Bill on Comprehensive Care for Seniors Underway

Bill on Comprehensive Care for Seniors Underway
Bill on Comprehensive Care for Seniors Underway

A comprehensive bill for the elderly is undergoing final revision and will be sent to the Ministry of Cooperatives, Labor and Social Affairs, for approval.

The National Bill for the Elderly seeks to implement “supportive services in areas of insurance, treatment, healthcare and entertainment for the retired and elderly population,” said Dr. Farid Barati Sadeh, secretary of the National Council of Elderly, quoted by Alef News Agency.

Rapid and extensive demographic changes have placed Iran among countries with an aging population.

Currently, people over 60 make up 8.1% of the total population. The annual population growth rate for the general population is less than 1.5%, while the same for those aged 60-65 is 6%. Population aging is a result of decreasing mortality and increasing life expectancy, both positive developments.

However, population aging also brings along with it a set of economic, social and health-related challenges which need to be addressed as Iran experiences rapid socio-economic and demographic changes. In collaboration with the Demography Department of the University of Tehran and the Statistical Center of Iran, the UN Population Fund has conducted an extensive mapping of aging, as one of four key emerging population issues, to help assist policy and decision-makers to develop effective national policies to cope with the implications of an aging population.

 Key Findings

Among those aged 60-79, the largest percentage of years lost to ill-health, disability or early death (Disability Adjusted Lived Years/DALYs) is due to falls, strokes and ischemic heart diseases. Those aged over 50 make up the highest proportion of individuals on hospital waiting lists. A total of 72 HIV/AIDS cases were registered among the 65 plus group and 520 cases among those above 55 years.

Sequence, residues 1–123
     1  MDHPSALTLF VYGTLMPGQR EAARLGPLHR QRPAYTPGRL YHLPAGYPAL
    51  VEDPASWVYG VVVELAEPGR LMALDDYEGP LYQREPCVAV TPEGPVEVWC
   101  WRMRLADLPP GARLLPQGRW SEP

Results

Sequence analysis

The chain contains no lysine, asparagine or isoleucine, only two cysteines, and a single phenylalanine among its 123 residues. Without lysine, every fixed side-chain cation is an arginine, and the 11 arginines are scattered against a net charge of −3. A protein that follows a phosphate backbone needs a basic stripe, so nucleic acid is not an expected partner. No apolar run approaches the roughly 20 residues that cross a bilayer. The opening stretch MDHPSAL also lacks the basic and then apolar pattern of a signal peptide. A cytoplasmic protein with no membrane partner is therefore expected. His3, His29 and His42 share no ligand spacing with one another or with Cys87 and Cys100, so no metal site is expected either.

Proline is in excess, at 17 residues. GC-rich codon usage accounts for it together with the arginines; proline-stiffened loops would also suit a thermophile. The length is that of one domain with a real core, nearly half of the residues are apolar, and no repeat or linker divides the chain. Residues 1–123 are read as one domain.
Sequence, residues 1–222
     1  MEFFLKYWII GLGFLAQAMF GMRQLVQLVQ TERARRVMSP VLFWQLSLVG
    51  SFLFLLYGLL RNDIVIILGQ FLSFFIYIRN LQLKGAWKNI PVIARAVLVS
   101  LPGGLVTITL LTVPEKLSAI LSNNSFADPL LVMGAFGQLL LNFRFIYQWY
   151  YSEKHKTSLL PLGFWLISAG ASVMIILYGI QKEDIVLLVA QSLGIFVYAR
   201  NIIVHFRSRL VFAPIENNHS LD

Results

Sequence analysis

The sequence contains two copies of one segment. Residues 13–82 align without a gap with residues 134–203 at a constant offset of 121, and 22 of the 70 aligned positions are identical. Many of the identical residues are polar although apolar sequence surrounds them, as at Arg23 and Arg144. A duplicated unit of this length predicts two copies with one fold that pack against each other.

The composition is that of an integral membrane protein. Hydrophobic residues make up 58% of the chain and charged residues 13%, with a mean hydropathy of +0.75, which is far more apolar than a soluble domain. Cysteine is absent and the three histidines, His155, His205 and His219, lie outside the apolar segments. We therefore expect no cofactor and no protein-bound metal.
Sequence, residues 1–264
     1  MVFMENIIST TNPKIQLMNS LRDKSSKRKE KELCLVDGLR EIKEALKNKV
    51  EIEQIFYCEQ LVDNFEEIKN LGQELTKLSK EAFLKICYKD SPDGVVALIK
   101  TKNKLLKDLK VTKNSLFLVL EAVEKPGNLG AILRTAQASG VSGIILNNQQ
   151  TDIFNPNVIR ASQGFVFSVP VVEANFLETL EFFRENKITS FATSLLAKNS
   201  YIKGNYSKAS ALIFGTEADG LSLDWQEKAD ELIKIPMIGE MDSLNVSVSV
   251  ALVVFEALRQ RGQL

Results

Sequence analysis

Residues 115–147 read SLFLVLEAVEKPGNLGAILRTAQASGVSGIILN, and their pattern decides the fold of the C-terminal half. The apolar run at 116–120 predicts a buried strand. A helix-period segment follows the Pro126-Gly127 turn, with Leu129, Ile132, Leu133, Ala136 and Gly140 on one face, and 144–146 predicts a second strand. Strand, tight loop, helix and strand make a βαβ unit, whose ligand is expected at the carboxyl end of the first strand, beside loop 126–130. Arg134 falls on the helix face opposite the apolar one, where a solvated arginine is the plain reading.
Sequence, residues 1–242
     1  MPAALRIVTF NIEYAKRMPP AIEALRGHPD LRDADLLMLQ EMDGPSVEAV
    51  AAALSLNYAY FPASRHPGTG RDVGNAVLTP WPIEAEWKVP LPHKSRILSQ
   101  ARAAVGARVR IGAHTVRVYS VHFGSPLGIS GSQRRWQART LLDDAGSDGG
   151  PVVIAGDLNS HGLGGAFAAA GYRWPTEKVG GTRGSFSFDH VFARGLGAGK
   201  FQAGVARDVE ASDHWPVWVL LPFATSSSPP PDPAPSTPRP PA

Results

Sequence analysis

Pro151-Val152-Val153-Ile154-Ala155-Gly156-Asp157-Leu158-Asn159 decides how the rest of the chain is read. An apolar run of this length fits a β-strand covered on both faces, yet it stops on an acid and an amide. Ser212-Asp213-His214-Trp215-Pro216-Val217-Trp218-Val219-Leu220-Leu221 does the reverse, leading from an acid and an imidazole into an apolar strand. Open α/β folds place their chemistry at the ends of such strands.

The population of 60 plus increased between 1966 and 2011 from 5.3% to 8.1%.  It is estimated that by 2025, the population over 60 will reach 12.3% and 65 plus will reach 8.1%.

Of the 6.1 million people over 60 years, 4.2 million live in urban and 1.9 million in rural areas. The aging population is increasingly made up of women.  

The proportion of the aged population living alone is increasing, with remarkable provincial differences. At the national level, it is 10% and there is a difference between males (15%) and females (5%).  

Developing and implementing an integrated national policy for the elderly – with focus on health issues - is critical, just as addressing the lack of various formal and informal support programs. In terms of kinship support, the elderly, particularly women, are typically dependent on their children.

The majority of health problems among elderly people are non-communicable and chronic diseases, which require lengthy and costly health services. Preventive policies, health promotion and early treatment are significant, as these save costs in the long-term.